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Enthuware practice test question regarding the if statement

 
Brian Brumpton
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I'm studying for another attempt at the OCA exam and there was a practice test question in some uCertify materials that our school provides. They use the Enthuware question banks for these. The question is as follows:

Given the following code:


What is the output?

At first glance, I concluded that it would print True False. After compiling it, I understand the when run it's going to kick out True True. The explanation given only confuses me more. It states:

Notice how the last "else" is associated with the last "if." Now, the first if condition returns true so the next 'if' will be executed. In the second 'if' the condition returns false so the else part will be evaluated which prints 'True True.'

Specifically, the part that says "In the second 'if' the condition returns false...

If the condition returns false, wouldn't the code block for the 2nd 'if' statement run? I think I'm getting it twisted in my head due to a lack of reference variables.

I'm sure this is pretty basic stuff and it's how I'm reading it in my head that needs to be corrected. Would someone be kind enough to walk me through the logic in my brain so I can associate things properly?

1. What's true to begin with?
2. Are if(true) and if(false) assignment statements or something else?

I've refactored this code multiple times and the drunk monkey on my shoulder keeps telling me that in the 2nd 'if' statement whatever is being referenced has to true otherwise the code block for the 2nd 'if' statement would run. It reads allowed in my head as "if something is false, do this. if not, do what is in the else statement. The following code makes perfect sense to me:


When I read this, I can easily see that which code block is going to run in the nested 'if' statement is dependent on the value of x (although, I'm still not sure what's true to begin with). Wow! It feels more like philosophy than Java at this point. What's really true man? Two rainbows! What does it all mean?

Your input is much appreciated.
 
Roel De Nijs
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Hi Brian,

First of all, a warm welcome to CodeRanch!

The structure of a (simple) if statement looks like:

That's pretty straightforward.

So if we look at this if-statement:
The condition evaluates to false, so the else branch will be executed.

And if you prefer using variables, this is equivalent:

Oh yeah, 1 final note: don't let the text in the print statements fool you. You can use whatever text you want in a print statement. This code is equivalent to the code snippet in your original post (with an extra print statement):Output:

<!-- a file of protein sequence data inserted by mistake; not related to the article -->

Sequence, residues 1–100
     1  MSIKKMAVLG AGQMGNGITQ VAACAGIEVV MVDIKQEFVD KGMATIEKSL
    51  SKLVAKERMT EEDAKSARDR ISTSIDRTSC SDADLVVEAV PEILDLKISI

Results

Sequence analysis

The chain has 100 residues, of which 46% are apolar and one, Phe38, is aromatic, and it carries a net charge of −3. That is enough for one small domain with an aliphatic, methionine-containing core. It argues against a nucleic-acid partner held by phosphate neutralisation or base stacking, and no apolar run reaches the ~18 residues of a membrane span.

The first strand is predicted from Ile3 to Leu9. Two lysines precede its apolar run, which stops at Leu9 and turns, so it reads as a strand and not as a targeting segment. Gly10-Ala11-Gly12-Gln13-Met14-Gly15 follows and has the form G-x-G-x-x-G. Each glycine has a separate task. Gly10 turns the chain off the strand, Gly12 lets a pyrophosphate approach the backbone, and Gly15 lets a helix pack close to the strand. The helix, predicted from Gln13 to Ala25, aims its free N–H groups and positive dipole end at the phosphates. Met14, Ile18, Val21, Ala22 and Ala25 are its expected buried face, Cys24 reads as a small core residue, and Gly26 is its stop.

True True
true false


Hope it helps!
Kind regards,
Roel

PS. Instead of using color-tags around your code snippets, you better use code-tags instead. They improve the readibility of your post (and so you are more likely to get an answer). I added them for you in your post.
 
Brian Brumpton
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Roel,

Thanks for the response and for fixing my code(I'll make sure to format it correctly in the future). Actually, your explanation makes perfect sense to me:

I've got to fight the tendency to overcomplicate how I interpret the code. I read more into the questions than I should.
 
Paul Anilprem
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Hi Brian,
I checked this question and I see that the explanation also shows the simplified code i.e.

This code can be rewritten as follows:



Since you didn't mention it in your post, I was wondering whether you are able to see it at all in Ucertify's application. If not, then their viewer might have a problem displaying some of the content and we will take it up with them to fix it.

thank you,
Paul.
 
Brian Brumpton
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Paul,

Thanks for checking in. No, the explanation given in Ucertify's exam is exactly what I provided:

"Notice how the last "else" is associated with the last "if." Now, the first if condition returns true so the next 'if' will be executed. In the second 'if' the condition returns false so the else part will be evaluated which prints 'True True.'"

There seem to be a lot of errors with the Ucertify material. Actually, it's why I'm going to switch back to using the Enthuware software instead. The forums provided for each question are much more valuable.
 
Paul Anilprem
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Brian Brumpton wrote:Paul,

Thanks for checking in. No, the explanation given in Ucertify's exam is exactly what I provided:

"Notice how the last "else" is associated with the last "if." Now, the first if condition returns true so the next 'if' will be executed. In the second 'if' the condition returns false so the else part will be evaluated which prints 'True True.'"

There seem to be a lot of errors with the Ucertify material. Actually, it's why I'm going to switch back to using the Enthuware software instead. The forums provided for each question are much more valuable.


Thanks, Brian! I will let them know about this.
 
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